May. 14th, 2008

jackofallgeeks: (Contemplative)
Overhearing a conversation here in the office, a thought occured to me: a
prime virtue in Black culture is respect; the corresponding virtue in White
culture would be obedience. I'm not sure how valid the claim is, or what --
if any -- difference there is.

Have Pity?

May. 14th, 2008 09:58 am
jackofallgeeks: (Gendo)
Here
is an article about the RIAA's methods for 'finding' file sharers.
Apparently there are two differect tracks: the takedown notice and the
pre-litigation letter. With the takedown notice nothing is downloaded: the
files are simply observed on a user's computer. This makes we wonder what
flags something as infringing -- are they just looking for files named
"Backstreet Boys - Larger Than life.mp3"? -- but a takedown notice is not
-really- legal action. It's just a letter saying we thing you're
infringing, stop it.

For the pre-litigation letters, files are actually downloaded from the user
and listened to. On one hand this gives them a bit of validity, in that you
have verification that "Yesterday.mp3" is actually a copy of a Beatles' song
and not an entry in an audio blog. It's been noted
in court cases, however, that "making available" is not necessarily the
equivalent of infringment. The idea the RIAA is resting on here is that
Copyright has a provision giving the owner exclusive rights to distribution,
and that p2p file sharing constitutes infringing distribution. The trouble
is that if Media Sentry (who does all the investigating for the RIAA) is
authorized to download these songs, then their downloading doesn't
consititute infringing distribution -- nor does it establish that the
file is being distributed elsewhere
. If Media Sentry is the only one
who downloads from you, then you haven't distributed anything. If the file
sits in your folder untouched, then you haven't distributed anything. And
of particular note, there doesn't seem to be anything that says
downloading a file constitutes infringment, just uploading
it. Yeah, if no one shares the whole p2p thing kind of goes under, but it
means that just having mp3s isn't an offense.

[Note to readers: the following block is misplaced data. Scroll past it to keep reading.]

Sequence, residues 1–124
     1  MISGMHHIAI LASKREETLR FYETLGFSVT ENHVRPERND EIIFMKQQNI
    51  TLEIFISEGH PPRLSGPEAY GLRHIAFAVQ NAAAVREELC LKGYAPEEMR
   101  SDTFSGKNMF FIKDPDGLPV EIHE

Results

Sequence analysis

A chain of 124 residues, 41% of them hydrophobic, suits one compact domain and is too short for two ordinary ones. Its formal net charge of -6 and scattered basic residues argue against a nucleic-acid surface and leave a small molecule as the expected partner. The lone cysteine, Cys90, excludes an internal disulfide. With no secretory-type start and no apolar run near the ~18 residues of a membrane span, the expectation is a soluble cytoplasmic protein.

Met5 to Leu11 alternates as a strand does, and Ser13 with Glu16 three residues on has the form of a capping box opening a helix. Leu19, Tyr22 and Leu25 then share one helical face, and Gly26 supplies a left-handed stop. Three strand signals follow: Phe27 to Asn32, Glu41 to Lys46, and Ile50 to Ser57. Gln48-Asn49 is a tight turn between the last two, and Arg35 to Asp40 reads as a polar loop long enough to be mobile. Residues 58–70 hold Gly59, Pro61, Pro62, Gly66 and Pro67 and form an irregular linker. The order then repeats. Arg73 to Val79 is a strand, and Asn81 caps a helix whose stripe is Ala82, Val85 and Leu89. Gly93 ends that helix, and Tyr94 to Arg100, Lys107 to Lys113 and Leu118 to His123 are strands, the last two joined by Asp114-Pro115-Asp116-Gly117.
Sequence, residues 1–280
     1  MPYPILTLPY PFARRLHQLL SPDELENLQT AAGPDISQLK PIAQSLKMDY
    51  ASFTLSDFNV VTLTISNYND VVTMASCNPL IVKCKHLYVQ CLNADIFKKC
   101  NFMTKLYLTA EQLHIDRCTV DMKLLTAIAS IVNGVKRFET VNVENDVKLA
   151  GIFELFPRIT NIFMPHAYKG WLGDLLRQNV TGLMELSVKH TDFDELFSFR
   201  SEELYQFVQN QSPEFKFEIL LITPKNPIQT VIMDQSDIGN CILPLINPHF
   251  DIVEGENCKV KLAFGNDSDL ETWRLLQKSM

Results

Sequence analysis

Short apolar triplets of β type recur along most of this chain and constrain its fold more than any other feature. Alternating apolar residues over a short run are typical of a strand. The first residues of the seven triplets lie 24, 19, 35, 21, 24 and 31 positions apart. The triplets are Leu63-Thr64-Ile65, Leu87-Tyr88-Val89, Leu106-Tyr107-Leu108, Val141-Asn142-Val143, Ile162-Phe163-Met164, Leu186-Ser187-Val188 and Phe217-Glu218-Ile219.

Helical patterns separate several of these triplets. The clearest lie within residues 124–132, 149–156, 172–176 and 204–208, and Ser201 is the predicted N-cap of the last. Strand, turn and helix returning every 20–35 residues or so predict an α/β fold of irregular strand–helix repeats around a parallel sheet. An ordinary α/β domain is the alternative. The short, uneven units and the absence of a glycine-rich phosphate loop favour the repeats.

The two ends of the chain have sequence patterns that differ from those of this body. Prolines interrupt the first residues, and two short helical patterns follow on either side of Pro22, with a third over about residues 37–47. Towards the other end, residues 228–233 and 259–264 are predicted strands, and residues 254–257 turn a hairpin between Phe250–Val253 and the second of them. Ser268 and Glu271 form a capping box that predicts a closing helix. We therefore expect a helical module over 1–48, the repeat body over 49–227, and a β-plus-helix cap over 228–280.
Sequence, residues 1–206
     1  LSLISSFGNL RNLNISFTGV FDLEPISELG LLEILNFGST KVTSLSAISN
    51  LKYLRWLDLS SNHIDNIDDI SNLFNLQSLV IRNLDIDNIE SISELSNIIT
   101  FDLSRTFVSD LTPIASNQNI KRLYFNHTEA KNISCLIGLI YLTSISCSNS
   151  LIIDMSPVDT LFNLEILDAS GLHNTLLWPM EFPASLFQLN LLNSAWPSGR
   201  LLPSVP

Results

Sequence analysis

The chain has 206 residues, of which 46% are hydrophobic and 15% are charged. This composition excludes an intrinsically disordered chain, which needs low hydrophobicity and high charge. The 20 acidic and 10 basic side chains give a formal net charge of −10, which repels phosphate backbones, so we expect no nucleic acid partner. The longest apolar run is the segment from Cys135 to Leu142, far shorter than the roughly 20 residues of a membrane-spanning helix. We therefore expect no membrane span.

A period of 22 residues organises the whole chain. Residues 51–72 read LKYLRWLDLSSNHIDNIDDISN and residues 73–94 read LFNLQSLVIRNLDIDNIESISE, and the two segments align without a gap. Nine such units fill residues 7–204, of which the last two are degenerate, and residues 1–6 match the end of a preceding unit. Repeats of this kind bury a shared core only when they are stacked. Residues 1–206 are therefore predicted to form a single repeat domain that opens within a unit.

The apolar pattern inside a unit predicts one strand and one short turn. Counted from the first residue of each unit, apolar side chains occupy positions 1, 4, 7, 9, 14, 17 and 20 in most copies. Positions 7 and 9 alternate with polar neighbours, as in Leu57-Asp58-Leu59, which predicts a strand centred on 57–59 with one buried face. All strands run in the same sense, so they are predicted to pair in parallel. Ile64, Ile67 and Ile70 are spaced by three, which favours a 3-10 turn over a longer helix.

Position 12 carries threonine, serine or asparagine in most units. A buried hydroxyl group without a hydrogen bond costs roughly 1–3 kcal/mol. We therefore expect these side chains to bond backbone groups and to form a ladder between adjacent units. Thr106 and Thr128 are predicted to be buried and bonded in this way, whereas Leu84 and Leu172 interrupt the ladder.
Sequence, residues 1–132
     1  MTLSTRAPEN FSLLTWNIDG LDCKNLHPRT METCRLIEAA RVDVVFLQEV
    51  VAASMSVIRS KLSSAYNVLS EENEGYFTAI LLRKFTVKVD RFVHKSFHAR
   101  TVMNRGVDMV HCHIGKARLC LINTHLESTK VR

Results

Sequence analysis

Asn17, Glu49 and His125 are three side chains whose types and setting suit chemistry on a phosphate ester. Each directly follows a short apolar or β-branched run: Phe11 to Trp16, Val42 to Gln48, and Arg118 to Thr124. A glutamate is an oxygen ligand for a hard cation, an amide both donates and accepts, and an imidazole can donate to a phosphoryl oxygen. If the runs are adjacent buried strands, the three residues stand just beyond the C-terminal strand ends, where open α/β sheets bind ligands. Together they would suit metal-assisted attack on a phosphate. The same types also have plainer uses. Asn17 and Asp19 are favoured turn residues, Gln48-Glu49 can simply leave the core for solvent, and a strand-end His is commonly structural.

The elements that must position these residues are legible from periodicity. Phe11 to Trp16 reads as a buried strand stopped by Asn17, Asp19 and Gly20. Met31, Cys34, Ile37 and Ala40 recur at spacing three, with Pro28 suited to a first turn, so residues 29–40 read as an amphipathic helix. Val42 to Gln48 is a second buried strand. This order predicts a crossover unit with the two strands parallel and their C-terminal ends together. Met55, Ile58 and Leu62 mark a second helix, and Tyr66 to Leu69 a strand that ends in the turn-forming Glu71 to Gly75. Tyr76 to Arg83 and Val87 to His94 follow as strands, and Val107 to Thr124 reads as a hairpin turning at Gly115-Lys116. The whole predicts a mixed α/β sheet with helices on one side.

What's more, Media Sentry isn't doing anything special. They log onto
Limewire or KaZaA or whatever, look for appropriate files, make the
download, record the IP, do a DNS-lookup, and send off notices. It's all
automated by a script, sure, but they don't have any more knowledge that an
average user. There's no magic to how they find people or how they identify
them.

Anyways, I know you all care so much. What got me to post, though, was at
the end of the first link Ars makes a comment about how their source spoke
under anonymity for fear of hate mail, that some poor guy has to actually
listen to the retrieved files, and how the RIAA machine is often hated but
the people behind it are rarely pitied. And I just wanted to say: no, I
don't pity them. Not in the least. It's work I certainly wouldn't want to
do, it's ire I certainly wouldn't want to be on the recieving end of, but
it's work and ire that they've accepted. "I'm just doing my job," is not a
valid excuse. Pirates may not be right in breaking the rules, but the RIAA
is wrong in their vicious spray-and-pray legal tactics, and their attempts
to weild copyright as more of a weapon than it was intended to be. I hate
the machine, and the people driving it get none of my sympathy.

Bad Idea

May. 14th, 2008 11:45 am
jackofallgeeks: (pl4y with 3vil)
I need someone (everyone?) to remind me why trying to get back in touch with
Suzannah would be a Bad Idea (tm).

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John Noble

August 2012

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